Fascinating insights (as usual) from Grantham who has the experience, track-record and wisdom accumulated over many years to be taken seriously. As he has noted previously, the only advantage an individual investor has over the professionals is patience – but that advantage is unfortunately given up too easily as investors get caught-up with the herd. In addition to this key advantage for individuals, I would add the tremendous benefits of being able to be a contrarian, not having "career risk" and not being overly concerned with intellectually sound arguments but looking closely at data and following even seemingly simplistic and trivial rules!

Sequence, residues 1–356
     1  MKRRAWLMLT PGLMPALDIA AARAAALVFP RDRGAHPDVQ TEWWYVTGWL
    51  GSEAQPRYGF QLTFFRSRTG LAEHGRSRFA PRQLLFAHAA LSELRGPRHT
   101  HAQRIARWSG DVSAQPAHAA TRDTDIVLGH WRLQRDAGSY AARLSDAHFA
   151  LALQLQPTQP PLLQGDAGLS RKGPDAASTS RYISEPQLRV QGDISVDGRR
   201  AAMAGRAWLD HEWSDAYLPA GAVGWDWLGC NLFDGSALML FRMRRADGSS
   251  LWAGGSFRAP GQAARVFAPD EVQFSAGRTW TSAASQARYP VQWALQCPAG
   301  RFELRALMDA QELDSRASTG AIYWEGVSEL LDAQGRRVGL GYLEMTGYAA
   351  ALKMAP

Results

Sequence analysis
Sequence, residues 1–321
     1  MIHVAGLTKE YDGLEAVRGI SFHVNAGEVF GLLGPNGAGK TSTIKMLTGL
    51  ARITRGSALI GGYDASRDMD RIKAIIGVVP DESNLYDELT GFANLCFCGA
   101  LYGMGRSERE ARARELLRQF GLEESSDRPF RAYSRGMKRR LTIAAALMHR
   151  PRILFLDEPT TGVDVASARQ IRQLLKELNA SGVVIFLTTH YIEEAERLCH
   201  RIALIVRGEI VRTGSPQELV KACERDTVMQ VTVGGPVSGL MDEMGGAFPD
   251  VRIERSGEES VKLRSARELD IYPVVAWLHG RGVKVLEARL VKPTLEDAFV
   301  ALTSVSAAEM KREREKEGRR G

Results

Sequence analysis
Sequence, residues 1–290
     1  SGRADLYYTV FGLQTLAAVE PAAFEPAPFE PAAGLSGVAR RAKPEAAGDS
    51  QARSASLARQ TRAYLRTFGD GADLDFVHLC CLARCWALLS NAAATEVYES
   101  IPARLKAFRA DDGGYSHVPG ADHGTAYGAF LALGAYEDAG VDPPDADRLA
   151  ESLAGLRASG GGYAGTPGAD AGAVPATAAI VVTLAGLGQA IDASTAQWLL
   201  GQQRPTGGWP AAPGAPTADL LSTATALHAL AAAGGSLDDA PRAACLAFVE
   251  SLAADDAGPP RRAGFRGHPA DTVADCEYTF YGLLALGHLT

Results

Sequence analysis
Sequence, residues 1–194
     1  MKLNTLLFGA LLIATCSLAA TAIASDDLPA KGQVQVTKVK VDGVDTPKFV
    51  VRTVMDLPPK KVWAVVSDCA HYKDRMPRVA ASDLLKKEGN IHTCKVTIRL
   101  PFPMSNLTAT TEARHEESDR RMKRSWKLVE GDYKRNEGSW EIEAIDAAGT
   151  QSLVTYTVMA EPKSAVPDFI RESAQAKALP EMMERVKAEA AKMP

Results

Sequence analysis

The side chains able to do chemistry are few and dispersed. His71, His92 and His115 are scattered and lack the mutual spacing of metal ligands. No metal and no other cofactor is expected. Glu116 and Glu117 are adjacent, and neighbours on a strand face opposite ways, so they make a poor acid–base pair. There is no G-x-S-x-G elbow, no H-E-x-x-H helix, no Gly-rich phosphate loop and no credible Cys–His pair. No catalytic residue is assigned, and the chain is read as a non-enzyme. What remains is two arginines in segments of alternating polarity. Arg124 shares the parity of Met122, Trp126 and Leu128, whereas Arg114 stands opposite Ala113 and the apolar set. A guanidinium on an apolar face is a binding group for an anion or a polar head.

We are clearly in the late stages of a 5-year bull market run in the U.S. (see the chart below for another classic sign – institutional investors reducing equity exposure with retail buying), which might continue for a year or two more, but it would be prudent to trim down exposure to the U.S. market over the course of the year. However, as I have said in previous missives, EM have vastly underperformed developed markets over the last three years and are overdue relative outperformance over the next few years (and signs are that might have already commenced). In addition, Europe (core as well as periphery) and Japan should continue to perform relatively well – particularly as the ECB engages in a QE program and Japan steps-up its monetary easing.